The Canadian statistics site 10 And 3 has examined same-sex marriage rates in several nations, comparing the number of weddings that took place two years after legalization in each country. Their analysis suggests that same-sex marriages happen at a lower rate in strongly religious nations. They write:
We dug into the numbers, and discovered that in some nations, like Belgium, same-sex marriages have become remarkably commonplace and are warmly accepted by fellow citizens as part of the cultural fabric of the community. On the other hand, in countries like Portugal and Norway, same-sex marriages remain surprisingly uncommon; for Portugal, this is due in part to the powerful influence of the Roman Catholic church in everyday life, while Norway’s low rate is a result of its longstanding (and popular) civil union laws, as well as the still powerful influence of the country’s Lutheran clergy. As recent court cases in the United States involving Christian wedding bakers and florists suggest, just because same-sex marriage is legal, it doesn’t mean that there is an accepting environment for it. In our analysis, we examined countries where marriage data (both same and opposite sex) is publicly accessible, and where same-sex marriage has been legal for at least two years (so that the marriage rate has time to stabilize after the initial post-legalization spike). This allows us to consider the nations of Belgium, Canada, the Netherlands, Norway, Portugal and Spain, as well as the US state of Massachusetts.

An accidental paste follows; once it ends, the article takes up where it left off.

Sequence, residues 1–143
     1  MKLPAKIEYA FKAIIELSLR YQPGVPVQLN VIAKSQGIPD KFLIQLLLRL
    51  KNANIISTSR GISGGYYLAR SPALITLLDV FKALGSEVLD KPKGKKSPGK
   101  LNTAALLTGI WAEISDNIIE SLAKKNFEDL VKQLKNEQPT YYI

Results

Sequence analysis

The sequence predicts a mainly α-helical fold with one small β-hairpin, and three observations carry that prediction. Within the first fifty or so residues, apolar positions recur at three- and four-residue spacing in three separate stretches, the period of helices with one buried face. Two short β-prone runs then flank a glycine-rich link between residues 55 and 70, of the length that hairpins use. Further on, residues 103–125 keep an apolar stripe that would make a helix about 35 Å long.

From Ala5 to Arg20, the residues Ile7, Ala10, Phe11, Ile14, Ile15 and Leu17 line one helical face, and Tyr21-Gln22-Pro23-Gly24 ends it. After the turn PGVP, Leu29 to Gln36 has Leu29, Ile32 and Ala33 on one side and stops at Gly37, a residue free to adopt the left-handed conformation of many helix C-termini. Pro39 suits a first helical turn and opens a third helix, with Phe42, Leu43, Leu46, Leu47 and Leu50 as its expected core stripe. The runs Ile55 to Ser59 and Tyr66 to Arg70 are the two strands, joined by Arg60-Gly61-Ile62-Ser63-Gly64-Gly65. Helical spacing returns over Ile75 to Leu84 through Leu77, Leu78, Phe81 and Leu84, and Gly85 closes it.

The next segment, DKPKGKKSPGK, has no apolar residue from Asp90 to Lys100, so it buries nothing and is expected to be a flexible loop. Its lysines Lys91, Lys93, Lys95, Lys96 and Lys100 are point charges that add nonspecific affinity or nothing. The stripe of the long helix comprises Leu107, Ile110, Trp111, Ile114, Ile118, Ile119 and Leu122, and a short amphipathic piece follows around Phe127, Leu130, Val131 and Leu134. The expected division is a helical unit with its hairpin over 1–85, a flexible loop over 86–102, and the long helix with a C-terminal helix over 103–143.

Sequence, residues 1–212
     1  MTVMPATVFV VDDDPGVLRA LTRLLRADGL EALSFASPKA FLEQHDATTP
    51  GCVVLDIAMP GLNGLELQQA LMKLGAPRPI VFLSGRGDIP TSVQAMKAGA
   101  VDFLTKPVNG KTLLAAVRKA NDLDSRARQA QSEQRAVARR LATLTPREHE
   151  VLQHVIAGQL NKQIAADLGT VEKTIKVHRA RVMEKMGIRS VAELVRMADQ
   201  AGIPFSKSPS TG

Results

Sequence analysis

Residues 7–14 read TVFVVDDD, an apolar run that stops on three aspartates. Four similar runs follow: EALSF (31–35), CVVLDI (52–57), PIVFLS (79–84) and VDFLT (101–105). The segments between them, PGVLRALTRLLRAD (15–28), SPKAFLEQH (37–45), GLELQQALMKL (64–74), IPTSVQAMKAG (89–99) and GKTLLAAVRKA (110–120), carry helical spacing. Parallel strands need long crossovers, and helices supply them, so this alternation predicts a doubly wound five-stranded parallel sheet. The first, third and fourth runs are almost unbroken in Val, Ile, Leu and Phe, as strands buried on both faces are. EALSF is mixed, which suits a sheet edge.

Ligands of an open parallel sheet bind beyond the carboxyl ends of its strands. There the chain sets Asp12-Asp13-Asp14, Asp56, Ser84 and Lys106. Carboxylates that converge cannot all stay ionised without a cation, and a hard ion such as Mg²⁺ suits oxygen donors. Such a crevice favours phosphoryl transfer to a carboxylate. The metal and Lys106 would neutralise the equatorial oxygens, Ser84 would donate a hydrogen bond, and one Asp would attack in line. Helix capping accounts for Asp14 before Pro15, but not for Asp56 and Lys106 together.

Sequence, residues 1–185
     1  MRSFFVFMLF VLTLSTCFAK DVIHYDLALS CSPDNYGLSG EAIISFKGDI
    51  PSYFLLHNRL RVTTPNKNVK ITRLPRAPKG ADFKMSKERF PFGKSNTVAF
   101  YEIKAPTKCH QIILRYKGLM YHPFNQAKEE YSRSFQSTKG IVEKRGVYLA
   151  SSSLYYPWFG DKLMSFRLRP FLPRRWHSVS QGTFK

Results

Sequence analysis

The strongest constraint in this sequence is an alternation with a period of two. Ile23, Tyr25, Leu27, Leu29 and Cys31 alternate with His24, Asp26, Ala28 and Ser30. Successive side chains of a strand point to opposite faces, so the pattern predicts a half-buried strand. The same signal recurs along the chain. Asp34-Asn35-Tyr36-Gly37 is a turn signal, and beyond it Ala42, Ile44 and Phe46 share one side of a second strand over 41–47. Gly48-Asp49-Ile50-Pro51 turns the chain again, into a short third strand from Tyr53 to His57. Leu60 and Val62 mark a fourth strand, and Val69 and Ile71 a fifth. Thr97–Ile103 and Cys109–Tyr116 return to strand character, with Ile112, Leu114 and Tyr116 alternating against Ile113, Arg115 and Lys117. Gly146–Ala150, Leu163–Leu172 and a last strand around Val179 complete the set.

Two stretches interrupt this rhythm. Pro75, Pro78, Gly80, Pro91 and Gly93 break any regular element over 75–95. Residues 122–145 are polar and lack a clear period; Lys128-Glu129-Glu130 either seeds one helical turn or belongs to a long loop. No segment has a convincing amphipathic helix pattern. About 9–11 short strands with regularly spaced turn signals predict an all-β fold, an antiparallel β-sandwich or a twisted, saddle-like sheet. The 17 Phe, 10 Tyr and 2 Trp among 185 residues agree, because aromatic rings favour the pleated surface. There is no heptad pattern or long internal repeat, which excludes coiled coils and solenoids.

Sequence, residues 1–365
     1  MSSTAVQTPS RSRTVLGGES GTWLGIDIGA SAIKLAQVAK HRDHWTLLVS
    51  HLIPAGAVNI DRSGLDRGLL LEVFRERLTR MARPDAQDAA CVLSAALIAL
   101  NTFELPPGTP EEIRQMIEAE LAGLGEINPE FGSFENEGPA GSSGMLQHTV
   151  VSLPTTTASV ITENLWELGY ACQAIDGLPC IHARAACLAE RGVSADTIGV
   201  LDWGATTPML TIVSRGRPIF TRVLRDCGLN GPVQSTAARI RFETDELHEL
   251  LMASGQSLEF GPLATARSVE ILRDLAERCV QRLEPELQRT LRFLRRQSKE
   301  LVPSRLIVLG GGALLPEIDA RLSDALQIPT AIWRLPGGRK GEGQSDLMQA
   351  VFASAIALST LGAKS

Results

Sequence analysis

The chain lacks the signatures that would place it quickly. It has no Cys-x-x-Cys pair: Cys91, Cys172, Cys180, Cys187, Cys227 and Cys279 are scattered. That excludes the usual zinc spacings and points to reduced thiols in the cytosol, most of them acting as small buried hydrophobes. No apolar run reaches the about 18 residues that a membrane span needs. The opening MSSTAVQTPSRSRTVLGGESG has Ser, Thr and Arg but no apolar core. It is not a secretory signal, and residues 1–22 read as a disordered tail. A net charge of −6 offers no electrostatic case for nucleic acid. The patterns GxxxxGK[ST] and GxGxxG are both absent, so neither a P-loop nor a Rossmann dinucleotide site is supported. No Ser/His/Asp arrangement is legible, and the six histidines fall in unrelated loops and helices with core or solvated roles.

Hit the link for a breakdown on each country. Bear in mind that the data analyzed is as much as a decade old. They note that the Massachusetts number is skewed since so many couples from other states married there before it was legal in their home states.